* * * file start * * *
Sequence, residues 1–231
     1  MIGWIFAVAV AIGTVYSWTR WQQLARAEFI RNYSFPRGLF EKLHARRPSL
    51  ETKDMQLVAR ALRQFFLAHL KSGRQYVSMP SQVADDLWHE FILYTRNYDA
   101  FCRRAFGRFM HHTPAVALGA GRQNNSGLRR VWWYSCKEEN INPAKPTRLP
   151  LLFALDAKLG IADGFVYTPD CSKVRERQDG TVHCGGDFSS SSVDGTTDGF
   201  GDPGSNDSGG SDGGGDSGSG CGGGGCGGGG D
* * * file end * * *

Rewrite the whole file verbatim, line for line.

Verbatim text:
Sequence, residues 1–231
     1  MIGWIFAVAV AIGTVYSWTR WQQLARAEFI RNYSFPRGLF EKLHARRPSL
    51  ETKDMQLVAR ALRQFFLAHL KSGRQYVSMP SQVADDLWHE FILYTRNYDA
   101  FCRRAFGRFM HHTPAVALGA GRQNNSGLRR VWWYSCKEEN INPAKPTRLP
   151  LLFALDAKLG IADGFVYTPD CSKVRERQDG TVHCGGDFSS SSVDGTTDGF
   201  GDPGSNDSGG SDGGGDSGSG CGGGGCGGGG D